Protecting Your Images and Photographs Online

A graphic image or photograph on your website is copyright protected as soon as you publish it. But, these days the Internet is rampant with copyright violations and stolen images. While there isn't much you can do to stop it, there are several things you can do to minimize someone else using your images for their own gain. Many of the tactics listed later in this article are deterrents you can use to reduce copyright violations. We have also listed the pros and cons of each. But, the best practice is to employ all of them if you're concerned about image theft.

Lets face it - you can pull your hair out, get angry, or take legal action when you find someone has stolen one of your images and used it without asking permission or paid for use, right? The cost of copyright legal action can be quite high in your own country. But the cost of taking legal action against a copyright violation outside your country is astronomical. Most small business' can not afford to act on copyright violations as they may not have the funds to do so.

The other problem is finding your images which are being used on other people's sites. Google and other search engines do index images on websites. But, in most cases all your images will not show up in image rankings because the violator may have changed the image name or used an image on an unrelated page that doesn't match the actual image or keywords. You could spend thousands of hours searching and sourcing image violations.

There are some low cost things you can do in the event you find someone has stolen and used your images. But, it is not 100% guaranteed that the image violation will be removed.

Here are some tips to reduce the amount of theft and image leaching from your website:

1. The best option is to "Watermark" all your images. A Watermark is a semi-transparent overlay you put onto the image which can be text or graphic. You should watermark your images using your company logo and website address to ensure it is easily identifiable as your image. In most cases people who are intent on using the image won't because it is clearly marked as someone else's and watermarks are difficult to remove or hide without a great deal of work. If they do use your image, at least they're advertising for you. You can find lots of low cost watermarking programs, or use a photo program you already have to do a semi-transparent overlay. If you do it large enough, the image would be unusable by someone else in most cases. Most image thieves are looking for clean and clear images.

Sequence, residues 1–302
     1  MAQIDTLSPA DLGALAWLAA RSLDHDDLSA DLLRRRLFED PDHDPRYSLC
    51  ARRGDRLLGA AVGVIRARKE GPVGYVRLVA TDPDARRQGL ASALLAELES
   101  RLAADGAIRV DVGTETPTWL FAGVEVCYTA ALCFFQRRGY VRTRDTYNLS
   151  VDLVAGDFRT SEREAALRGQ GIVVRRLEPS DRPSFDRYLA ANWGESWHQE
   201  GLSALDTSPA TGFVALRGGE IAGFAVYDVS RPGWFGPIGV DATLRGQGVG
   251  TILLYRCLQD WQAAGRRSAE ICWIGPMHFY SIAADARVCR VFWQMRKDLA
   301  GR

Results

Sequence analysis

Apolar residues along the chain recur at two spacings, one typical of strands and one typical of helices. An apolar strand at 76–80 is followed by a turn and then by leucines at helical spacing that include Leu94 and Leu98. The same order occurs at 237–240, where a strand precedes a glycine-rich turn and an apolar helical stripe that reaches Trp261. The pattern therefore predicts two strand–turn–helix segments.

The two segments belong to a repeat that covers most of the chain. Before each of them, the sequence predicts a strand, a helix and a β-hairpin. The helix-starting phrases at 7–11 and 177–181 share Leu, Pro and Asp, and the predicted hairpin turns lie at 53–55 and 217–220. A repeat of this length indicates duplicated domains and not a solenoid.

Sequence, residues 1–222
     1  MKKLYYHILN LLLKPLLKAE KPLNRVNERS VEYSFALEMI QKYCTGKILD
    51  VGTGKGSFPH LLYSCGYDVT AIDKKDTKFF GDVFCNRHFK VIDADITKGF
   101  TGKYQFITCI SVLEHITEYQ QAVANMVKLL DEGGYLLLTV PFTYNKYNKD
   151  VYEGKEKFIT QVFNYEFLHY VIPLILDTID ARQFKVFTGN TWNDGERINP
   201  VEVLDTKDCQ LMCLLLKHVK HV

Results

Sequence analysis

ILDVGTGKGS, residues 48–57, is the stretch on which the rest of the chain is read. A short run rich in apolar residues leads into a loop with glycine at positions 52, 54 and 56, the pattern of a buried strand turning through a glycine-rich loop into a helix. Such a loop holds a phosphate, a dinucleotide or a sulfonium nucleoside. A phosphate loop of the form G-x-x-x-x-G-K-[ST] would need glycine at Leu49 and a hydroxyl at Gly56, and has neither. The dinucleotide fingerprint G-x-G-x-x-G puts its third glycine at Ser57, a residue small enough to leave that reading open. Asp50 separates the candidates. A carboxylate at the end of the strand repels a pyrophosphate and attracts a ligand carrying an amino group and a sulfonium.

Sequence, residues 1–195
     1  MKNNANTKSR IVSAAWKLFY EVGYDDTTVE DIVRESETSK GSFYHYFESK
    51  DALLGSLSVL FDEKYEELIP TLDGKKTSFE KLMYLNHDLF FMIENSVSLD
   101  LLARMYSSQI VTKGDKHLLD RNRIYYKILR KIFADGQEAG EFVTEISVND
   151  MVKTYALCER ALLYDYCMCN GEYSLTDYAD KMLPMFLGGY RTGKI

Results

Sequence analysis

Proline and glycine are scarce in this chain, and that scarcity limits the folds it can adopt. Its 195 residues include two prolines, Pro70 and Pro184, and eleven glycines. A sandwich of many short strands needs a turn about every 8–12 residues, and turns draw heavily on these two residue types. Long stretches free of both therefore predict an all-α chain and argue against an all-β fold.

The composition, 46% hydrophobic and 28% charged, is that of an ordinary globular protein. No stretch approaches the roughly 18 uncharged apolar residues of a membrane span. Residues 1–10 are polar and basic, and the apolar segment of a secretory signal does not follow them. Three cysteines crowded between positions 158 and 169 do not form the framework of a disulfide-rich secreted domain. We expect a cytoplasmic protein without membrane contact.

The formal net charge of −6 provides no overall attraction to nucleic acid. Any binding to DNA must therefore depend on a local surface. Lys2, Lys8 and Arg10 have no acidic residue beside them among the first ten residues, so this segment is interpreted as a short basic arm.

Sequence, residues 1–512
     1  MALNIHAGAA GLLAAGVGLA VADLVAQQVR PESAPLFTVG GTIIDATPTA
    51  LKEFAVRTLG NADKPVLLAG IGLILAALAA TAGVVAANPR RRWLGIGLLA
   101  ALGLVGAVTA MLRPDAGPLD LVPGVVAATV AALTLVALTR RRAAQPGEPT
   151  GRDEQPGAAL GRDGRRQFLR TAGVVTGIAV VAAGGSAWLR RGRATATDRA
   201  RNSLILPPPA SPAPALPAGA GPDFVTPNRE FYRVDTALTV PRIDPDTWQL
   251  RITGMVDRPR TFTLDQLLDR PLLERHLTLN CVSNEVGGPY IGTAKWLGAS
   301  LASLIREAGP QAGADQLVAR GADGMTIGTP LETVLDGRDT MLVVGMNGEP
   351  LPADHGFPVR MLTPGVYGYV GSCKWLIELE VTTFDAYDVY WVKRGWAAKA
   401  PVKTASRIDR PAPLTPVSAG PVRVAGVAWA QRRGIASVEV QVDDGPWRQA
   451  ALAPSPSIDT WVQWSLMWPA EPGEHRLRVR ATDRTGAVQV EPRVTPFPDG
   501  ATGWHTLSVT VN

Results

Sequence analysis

2. Enter image meta-tags and use meta-copyright image content using a program which allows you to do so. This is hidden information entered into the image source. When your right click on an image on your desktop and click "properties" you can view this information which includes descriptions and keywords, copyright notices, camera and lens properties, and any other information you might add. You will want to source a program which automates some of this like "Adobe Lightroom" so you only enter copyright information once, then import your images and batch save out to reduce your workload if you have lots of images.

A good tip is to add in a non-descriptive gibberish string of text like "myfoobaringimageYOURFULLNAME2013" as a "keyword". Why would you do this you ask? Well, this solves the problem of searching and finding your images using image search tools on the Internet. Google has a new tool used for copyright image searches and you can search for your gibberish keyword to find violations more easily! This helps weed out images that don't have your gibberish keyword embedded.

But, in some cases the copyright violator may have known about this tactic and removed meta-content if they have a batch image processing program. Hence, watermarking is still your best defence!